The Internet of Things

Devices that we used to think of as inanimate will become aware. Their newly animated state will impact us in ways that will be both mundane and profound, from managing the crispness of our lettuce to the flow of blood to our hearts.

The devices we carry are just the tip of the iceberg. There are also the devices we wear, like Go Pro cameras, Nike Fuel Bands and Google Glass. Then there are the devices implanted in us, like monitors and pacemakers, which make us the bearers of multiple nodes on the internet of things.

Brands represent many things but, above all, they are shorthand for trust. The level of trust a person looks for in a brand of shampoo – that it should be functionally effective and uncontaminated – pales in comparison to the level of trust required when control shifts from man to machine, object or thing.

Some devices are active; they help us to do things. Some devices are passive; they allow things to be done to us.

Everything is aware, or at least has the potential to be aware of and interact with just about everything else.

Some may consider the internet of things to be a dystopian vision of a world where we become accustomed to machines controlling certain aspects of our lives. Do we want police departments to know how fast we drive? Do we want our  employers to know what drugs we take, or what we eat, drink, buy and throw away? Do we want our spouses, parents and children to know where we are at all times? Everyone has a desire for privacy, and there are instances where it may be particularly important that such privacy is maintained.

The question is: will our dystopian fear outweigh the utopian promise? Or will we come to value being rewarded for our good sense and habits, for the chance to live longer and better, for the costs of healthcare to be re-distributed more equably between the behaviorally responsible and the outwardly foolish? Do we relish the freedom that technology creates more than we fear the inevitable uncoupling of productivity and employment that technology already threatens?


The Mercedes/Lexus perspective revolves around active safety, where the vehicle’s functions identify and compensate for driver frailty, the threat of the immediate environment and even the terror of parallel parking. Smart safety will be table stakes across the board in five years.

The Audi perspective is that drivers will be able to choose whether to engage with the driving experience – from the joy of the open road to the drudgery of stop-and-go traffic – or abdicate it altogether.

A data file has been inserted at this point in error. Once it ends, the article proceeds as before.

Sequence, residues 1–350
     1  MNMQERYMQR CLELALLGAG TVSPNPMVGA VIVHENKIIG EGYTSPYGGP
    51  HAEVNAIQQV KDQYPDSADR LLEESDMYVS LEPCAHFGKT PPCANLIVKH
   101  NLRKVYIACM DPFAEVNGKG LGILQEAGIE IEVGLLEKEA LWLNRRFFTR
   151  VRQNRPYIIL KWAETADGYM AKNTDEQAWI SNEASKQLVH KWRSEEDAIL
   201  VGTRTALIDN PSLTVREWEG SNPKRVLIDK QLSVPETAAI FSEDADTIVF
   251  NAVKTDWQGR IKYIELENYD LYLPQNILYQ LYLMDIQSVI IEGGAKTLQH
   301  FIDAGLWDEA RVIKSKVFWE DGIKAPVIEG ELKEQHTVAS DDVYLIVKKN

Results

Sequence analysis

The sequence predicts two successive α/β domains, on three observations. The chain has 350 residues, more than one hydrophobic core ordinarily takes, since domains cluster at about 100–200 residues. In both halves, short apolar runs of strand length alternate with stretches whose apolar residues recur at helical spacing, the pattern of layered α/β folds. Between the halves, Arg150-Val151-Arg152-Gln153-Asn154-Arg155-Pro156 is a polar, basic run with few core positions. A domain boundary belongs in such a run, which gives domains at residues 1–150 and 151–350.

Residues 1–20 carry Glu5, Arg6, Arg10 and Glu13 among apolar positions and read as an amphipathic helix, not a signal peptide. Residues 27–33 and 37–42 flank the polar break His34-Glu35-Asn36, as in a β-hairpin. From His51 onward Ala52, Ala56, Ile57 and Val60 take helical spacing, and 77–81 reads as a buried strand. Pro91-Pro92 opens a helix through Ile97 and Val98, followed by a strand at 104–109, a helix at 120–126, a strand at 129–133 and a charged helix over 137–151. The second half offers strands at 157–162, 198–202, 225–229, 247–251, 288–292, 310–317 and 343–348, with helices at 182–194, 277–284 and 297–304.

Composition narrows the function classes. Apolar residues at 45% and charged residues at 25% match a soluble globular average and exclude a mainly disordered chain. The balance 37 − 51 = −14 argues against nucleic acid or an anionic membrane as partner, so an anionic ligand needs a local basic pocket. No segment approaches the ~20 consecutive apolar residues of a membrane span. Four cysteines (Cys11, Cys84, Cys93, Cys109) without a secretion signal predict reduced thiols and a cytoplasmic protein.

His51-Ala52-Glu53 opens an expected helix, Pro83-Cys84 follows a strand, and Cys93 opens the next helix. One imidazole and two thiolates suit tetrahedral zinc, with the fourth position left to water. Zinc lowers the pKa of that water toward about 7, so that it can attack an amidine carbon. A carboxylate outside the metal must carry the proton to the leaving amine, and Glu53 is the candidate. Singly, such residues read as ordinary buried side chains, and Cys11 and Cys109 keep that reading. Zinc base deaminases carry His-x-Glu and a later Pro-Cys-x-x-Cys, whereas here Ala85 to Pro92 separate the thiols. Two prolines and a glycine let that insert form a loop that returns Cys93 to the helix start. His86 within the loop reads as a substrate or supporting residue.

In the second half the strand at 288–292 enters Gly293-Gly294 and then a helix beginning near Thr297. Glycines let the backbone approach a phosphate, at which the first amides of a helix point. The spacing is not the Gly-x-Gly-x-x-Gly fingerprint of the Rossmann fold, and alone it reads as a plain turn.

Google’s perspective is that human interaction with the vehicle is a waste of time that could be applied to a more valuable, productive activity. To prove its point, Google has produced a selfdriving car that has been approved for use in California and Nevada. In all cases, advanced telematics will connect us with the places and things around us, giving brands further incentive to attach discoverable data to the environment.

Which perspective ultimately prevails will be a function of time, place and attitude. The Audi perspective will likely prevail in the medium term, given that people still like to engage with driving (at least some of the time). But Google is likely to own the long game, particularly when all cars will have fuel cells and limited range. At that point, optimizing time and cost will outweigh the pleasure of driving, and self-drive will become the most carbon-efficient form of private travel.

It seems as though we still have choices but, in the end, it won’t really be up to us. We can’t (or won’t) opt out of consumption, and we can’t prevent the things we consume from becoming increasingly intelligent. When we don’t run out of ketchup, we will be pleased. When a smart car saves our lives, or a chip finds the dog we love and lost, we will be delighted. When we get a ticket for speeding without seeing a cop, we will be irritated.

When we are denied a job because our health profile is outside certain parameters, we will be devastated. As in all things, the balance felt by the individual will determine an outcome more dystopian or utopian.

Consumer, Track Yourself
The Connected Issue